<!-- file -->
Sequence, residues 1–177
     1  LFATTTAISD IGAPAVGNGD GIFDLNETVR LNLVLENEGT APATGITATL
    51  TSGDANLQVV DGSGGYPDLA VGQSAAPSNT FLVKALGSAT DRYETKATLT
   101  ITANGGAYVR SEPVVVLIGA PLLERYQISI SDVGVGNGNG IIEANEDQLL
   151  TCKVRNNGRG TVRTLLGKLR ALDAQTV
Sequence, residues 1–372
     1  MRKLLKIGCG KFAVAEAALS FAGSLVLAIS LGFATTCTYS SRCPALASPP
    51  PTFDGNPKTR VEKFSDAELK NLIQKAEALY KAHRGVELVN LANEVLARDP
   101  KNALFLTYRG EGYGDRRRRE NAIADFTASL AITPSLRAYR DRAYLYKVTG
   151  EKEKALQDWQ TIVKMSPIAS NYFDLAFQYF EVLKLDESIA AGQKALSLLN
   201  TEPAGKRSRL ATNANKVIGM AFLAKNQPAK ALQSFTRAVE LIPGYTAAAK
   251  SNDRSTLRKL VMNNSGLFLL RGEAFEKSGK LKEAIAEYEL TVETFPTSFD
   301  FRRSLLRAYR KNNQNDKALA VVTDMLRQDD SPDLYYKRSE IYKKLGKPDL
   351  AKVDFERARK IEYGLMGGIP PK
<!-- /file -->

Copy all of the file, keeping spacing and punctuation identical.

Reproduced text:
Sequence, residues 1–177
     1  LFATTTAISD IGAPAVGNGD GIFDLNETVR LNLVLENEGT APATGITATL
    51  TSGDANLQVV DGSGGYPDLA VGQSAAPSNT FLVKALGSAT DRYETKATLT
   101  ITANGGAYVR SEPVVVLIGA PLLERYQISI SDVGVGNGNG IIEANEDQLL
   151  TCKVRNNGRG TVRTLLGKLR ALDAQTV
Sequence, residues 1–372
     1  MRKLLKIGCG KFAVAEAALS FAGSLVLAIS LGFATTCTYS SRCPALASPP
    51  PTFDGNPKTR VEKFSDAELK NLIQKAEALY KAHRGVELVN LANEVLARDP
   101  KNALFLTYRG EGYGDRRRRE NAIADFTASL AITPSLRAYR DRAYLYKVTG
   151  EKEKALQDWQ TIVKMSPIAS NYFDLAFQYF EVLKLDESIA AGQKALSLLN
   201  TEPAGKRSRL ATNANKVIGM AFLAKNQPAK ALQSFTRAVE LIPGYTAAAK
   251  SNDRSTLRKL VMNNSGLFLL RGEAFEKSGK LKEAIAEYEL TVETFPTSFD
   301  FRRSLLRAYR KNNQNDKALA VVTDMLRQDD SPDLYYKRSE IYKKLGKPDL
   351  AKVDFERARK IEYGLMGGIP PK